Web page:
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Sally Mulligan shares her herb knowledge

“Herbs are absolutely amazing and you’ll get so much enjoyment from making a garden."

The guest speaker at Johannesburg South Garden Club’s February 25 meeting was Sally Mulligan, who spoke on her love for herbs, how to grow them and how to use them.

“I’ve been growing herbs for many years and it’s such a wonderful pastime. Most can be used either for medicinal purposes or in foods, but be careful with some if you are pregnant or breastfeeding. Rosemary and parsley are best avoided as they are possibly unsafe, affecting the uterus.

Spekboom

“This herb is being spoken about a lot at the moment. In fact, everyone seems to be growing it!

“It’s a phenomenal herb and it grows well in Gauteng, but will flourish even more in Pretoria and the Eastern Cape, where the climate is warmer.

“It’s suitable for home gardens, but be very careful where you plant it as it spreads like wild fire.

“Therefore, it must be kept in a controlled area. You will find during the winter months its growth slows down.

“Spekboom has many benefits, including improving the quality of the air, as well as being a water-wise plant.

“It’s very easy to grow and contains high amounts of vitamin C, making it a wonderful flu-fighter. The plumb and juicy leaves have a tangy, lemony taste.”

Bulbine frutescens

“This is a fantastic medicinal plant and can be used for a whole lot of skin conditions, including burns, blisters, cold sores, cuts, grazes, insect bites, sunburn and more.

“Squeeze the juice from the leaves and rub it over the skin. When I’m at local markets with my herb stall, the children call it auntie Sally’s get-better plant.

“Apart from growing well in the garden, it can also be grown in pots in a place where it will get lots of sun. It needs very little water.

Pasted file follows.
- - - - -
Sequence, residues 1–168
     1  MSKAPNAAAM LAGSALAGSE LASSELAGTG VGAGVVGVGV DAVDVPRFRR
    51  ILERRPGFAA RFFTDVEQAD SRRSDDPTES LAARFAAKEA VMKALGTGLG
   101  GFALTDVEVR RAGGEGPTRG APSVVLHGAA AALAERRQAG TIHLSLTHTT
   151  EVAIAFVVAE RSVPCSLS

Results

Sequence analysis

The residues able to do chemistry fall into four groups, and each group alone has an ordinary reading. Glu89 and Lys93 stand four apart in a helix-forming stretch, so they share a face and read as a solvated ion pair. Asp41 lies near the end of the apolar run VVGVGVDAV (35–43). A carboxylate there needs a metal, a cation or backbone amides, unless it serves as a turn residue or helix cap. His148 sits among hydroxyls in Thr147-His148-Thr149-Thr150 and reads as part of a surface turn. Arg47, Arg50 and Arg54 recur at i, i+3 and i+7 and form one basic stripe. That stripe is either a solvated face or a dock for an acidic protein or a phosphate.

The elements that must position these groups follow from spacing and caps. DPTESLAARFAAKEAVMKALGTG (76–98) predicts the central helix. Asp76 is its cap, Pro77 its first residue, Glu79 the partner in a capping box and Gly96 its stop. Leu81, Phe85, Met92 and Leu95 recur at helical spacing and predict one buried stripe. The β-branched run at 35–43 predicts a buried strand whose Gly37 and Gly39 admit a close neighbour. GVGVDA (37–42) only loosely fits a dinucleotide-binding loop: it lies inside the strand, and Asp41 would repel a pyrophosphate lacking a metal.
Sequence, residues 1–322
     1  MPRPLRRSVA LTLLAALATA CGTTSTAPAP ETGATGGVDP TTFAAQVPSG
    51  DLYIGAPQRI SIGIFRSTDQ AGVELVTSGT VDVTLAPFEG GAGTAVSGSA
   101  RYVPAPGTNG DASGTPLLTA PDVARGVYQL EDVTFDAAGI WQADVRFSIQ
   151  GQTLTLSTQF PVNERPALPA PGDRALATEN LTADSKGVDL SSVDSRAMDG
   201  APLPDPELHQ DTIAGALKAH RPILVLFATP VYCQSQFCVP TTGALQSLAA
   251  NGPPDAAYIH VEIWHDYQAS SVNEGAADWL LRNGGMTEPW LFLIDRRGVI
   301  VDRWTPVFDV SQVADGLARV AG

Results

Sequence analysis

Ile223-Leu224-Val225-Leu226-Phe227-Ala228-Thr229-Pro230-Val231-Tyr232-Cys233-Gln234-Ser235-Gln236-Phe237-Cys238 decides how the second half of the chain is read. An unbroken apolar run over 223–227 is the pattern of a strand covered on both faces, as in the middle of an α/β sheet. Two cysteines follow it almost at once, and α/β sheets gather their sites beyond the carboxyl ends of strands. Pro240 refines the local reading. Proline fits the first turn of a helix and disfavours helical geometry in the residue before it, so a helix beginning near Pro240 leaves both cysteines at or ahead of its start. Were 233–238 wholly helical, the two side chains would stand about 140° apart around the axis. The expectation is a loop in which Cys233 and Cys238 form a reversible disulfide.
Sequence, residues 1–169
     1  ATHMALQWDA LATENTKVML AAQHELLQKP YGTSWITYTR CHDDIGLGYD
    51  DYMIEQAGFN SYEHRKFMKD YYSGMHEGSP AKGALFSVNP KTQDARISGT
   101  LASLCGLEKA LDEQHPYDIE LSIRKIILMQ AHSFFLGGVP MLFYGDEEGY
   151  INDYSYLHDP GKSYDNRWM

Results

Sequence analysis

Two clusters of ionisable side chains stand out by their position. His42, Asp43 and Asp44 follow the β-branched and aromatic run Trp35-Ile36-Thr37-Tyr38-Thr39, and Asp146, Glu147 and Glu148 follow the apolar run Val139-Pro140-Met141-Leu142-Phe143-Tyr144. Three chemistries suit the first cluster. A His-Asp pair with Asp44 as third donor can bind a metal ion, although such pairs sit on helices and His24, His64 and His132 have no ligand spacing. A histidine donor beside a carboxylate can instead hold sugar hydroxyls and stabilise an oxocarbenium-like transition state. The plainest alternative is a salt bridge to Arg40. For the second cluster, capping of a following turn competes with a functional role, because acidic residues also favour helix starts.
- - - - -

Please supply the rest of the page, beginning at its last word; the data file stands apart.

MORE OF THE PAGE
“Interestingly, when government schools were built years ago, Bulbine was always planted in school gardens.”

Wild garlic

Sally said this herb is very pretty and it tolerates drought well.

“You can eat the entire plant; use it to add to sauces and risottos.”

Rosemary

“Wild rosemary is similar to ‘common’ rosemary in appearance, but it’s very pungent and must be used sparingly.

“It’s perfect for adding to salts and using as a rub for lamb. Common rosemary, as well as using in cooking, will help to keep flies and mosquitoes away.

“Cut big pieces off the shrub and waft it around your kitchen and over work surfaces.

Cat mint

“If you own cats, then plant this herb. They love it. They will roll around in it and it is safe for them to eat.

“It’s such a pretty plant and will attract bees and butterflies.”

Nasturtium

The plant has beautiful bright orange, yellow and purple flowers.

“It has a flavour similar to watercress and can be eaten in salads.”

Making teas with herbs

“Always pick herbs from the bottom of the plant and let the boiled water cool a little before pouring over herbs.

“Lavender tea is amazing and you can make it from the flowers. It will make you feel calm and is also known for reducing tension and taking away a headache.

“Use lemon verbena leaves to make a tea. This will help with digestion, asthma and aching joints.

“Pick the leaves of lemon verbena and use them dried in your cupboards. You’ll never have another fish moth.

“Mint makes a wonderful tea and it’s one of the easiest herbs to grow. It will help with digestive disorders and stomach pains.

“Pick lemon balm and put the leaves into your bath water or hang up under the shower head.

“Chamomile flowers make a delicious tea and it will have a fruity taste, similar to apple.”

Scented geraniums

“Rose, nutmeg and lemon are the types you can buy, and these can also be used to make teas using the leaves. Put plants inside and cooking smells will disappear fast.”

Thyme

“This is an excellent herb and best grown in containers. Known to break down fatty foods, just don’t cook it for too long.”

Basil

“Apart from being delicious in Mediterranean and Italian dishes, it can be made into a pesto and is also good in salads, pastas and pizzas.

“Make a tea from basil leaves and it can help to boost immunity and help with headaches.

“Herbs are absolutely amazing and you’ll get so much enjoyment from making a garden. You don’t need a large garden, and most herbs can also be grown in pots,” added Sally.

You’ll find Sally at the Walkerville Agricultural Show, on March 14 and 15. If you would like to contact her for more information on herbs call 083 393 1921.

The next Johannesburg South Garden Club meeting takes place on March 21 at 9.30am for 10am at Kliprivier Recreation Centre, Peggy Vera Road, Kibler Park. For more information call club chairperson Dennis Boddington on 083 642 1967.

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